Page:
Symptoms and Signs of Supraventricular Tachycardia (SVT, PSVT)

Medical Author:
Medically Reviewed on 11/1/2021

Doctor's Notes on Supraventricular Tachycardia (SVT, PSVT)

Supraventricular tachycardia (SVT) or paroxysmal supraventricular tachycardia (PSVT) is a heart condition caused by abnormal conduction of electrical impulses in the heart. It causes the upper chambers of the heart (atria) and secondarily the lower chambers, the ventricles, to beat very rapidly. The term paroxysmal is used because the rapid heartbeat tends to come and go on its own, lasting a few seconds or many hours. 

Symptoms of PSVT include:

  • sensation of heart palpitations that may be associated with a feeling of fullness in the throat,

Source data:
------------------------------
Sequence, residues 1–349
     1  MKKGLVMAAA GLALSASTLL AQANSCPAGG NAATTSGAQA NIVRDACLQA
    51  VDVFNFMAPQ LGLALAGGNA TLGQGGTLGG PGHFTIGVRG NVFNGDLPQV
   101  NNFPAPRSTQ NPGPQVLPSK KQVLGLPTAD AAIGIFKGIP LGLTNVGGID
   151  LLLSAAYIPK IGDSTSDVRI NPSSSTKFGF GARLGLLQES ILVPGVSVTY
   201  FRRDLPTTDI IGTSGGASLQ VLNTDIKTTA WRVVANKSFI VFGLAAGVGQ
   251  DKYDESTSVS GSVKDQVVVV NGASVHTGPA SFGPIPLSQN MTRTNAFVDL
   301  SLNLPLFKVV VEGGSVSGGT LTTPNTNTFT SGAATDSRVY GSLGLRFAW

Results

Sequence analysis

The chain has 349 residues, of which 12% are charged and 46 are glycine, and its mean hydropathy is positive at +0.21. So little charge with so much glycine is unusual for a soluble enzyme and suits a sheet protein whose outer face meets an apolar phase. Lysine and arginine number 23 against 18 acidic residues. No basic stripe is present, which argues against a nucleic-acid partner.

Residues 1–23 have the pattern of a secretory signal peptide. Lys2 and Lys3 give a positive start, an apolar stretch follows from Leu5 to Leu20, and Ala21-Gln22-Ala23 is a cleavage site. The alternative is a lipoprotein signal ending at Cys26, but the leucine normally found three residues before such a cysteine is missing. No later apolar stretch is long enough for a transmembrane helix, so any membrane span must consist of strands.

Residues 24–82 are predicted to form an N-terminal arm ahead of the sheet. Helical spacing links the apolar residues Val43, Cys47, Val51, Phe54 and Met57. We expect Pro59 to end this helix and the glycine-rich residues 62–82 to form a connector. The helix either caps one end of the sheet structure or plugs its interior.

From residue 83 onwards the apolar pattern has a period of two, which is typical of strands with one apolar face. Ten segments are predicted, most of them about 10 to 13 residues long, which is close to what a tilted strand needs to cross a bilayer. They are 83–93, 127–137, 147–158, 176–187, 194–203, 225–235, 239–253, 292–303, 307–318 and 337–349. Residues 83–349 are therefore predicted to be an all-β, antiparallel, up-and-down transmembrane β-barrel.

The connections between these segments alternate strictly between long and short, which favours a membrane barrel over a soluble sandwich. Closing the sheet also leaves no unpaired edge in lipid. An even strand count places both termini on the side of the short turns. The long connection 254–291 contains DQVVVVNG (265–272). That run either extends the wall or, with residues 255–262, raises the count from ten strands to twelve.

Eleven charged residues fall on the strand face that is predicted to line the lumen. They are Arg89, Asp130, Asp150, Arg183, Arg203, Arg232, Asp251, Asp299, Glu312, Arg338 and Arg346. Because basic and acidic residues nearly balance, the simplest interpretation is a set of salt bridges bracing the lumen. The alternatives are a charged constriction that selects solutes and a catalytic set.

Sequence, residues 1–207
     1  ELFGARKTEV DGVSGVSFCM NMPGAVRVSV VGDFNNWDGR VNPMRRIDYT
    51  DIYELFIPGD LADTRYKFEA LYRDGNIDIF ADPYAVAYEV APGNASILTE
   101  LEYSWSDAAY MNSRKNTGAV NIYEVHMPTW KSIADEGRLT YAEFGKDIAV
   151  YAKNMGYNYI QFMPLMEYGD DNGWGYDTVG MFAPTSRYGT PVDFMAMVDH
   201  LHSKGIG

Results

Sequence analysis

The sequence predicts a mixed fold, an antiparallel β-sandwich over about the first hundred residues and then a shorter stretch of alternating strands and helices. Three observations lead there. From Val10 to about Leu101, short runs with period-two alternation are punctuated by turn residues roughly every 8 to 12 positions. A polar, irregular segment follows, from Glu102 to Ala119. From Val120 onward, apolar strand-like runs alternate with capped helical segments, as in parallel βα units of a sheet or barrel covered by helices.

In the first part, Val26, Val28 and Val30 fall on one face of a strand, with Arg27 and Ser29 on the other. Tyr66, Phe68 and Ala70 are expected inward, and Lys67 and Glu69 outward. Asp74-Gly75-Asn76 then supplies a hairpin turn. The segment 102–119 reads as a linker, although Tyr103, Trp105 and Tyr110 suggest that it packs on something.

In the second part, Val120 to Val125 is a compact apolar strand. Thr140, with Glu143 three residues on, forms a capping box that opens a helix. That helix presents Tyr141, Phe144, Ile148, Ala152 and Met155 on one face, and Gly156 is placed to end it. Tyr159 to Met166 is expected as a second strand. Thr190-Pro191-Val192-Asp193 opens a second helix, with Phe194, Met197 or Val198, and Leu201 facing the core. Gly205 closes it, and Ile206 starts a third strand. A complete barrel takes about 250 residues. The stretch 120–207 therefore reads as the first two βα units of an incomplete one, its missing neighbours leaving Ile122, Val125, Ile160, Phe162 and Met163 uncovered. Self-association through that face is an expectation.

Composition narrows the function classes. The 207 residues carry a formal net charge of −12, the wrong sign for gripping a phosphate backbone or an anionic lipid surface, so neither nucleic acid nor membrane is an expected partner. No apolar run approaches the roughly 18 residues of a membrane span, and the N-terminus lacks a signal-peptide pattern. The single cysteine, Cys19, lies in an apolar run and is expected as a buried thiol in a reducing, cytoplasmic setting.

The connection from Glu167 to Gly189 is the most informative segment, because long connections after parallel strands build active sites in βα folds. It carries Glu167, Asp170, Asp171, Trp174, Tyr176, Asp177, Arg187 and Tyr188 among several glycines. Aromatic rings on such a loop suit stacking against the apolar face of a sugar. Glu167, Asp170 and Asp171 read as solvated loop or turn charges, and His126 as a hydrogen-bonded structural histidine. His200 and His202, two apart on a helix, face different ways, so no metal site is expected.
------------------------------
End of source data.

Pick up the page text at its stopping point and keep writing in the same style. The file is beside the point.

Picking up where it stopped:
• weakness, 
  • fatigue,
  • lightheadedness or dizziness,
  • shortness of breath, 
  • fainting, and
  • chest pressure.

The symptoms occur during the rapid heartbeat, but the fatigue may last even after the heartbeat has returned to normal.

What Is the Treatment for Supraventricular Tachycardia?

Depending upon the heart rhythm, medications can be used to reset the AV node or to decrease heart muscle excitability. These medications are administered intravenously. Adenosine is a short-acting medication that is commonly used as a first-line drug to treat PSVT.

Treatment options for other supraventricular tachycardias include:

If intravenous medication is not effective or if the patient has shortness of breath or low blood pressure,  cardioversion may be recommended. This means that an electrical shock is given to reset the heart's electrical system to beat with a regular rate and rhythm.

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REFERENCE:

Kasper, D.L., et al., eds. Harrison's Principles of Internal Medicine, 19th Ed. United States: McGraw-Hill Education, 2015.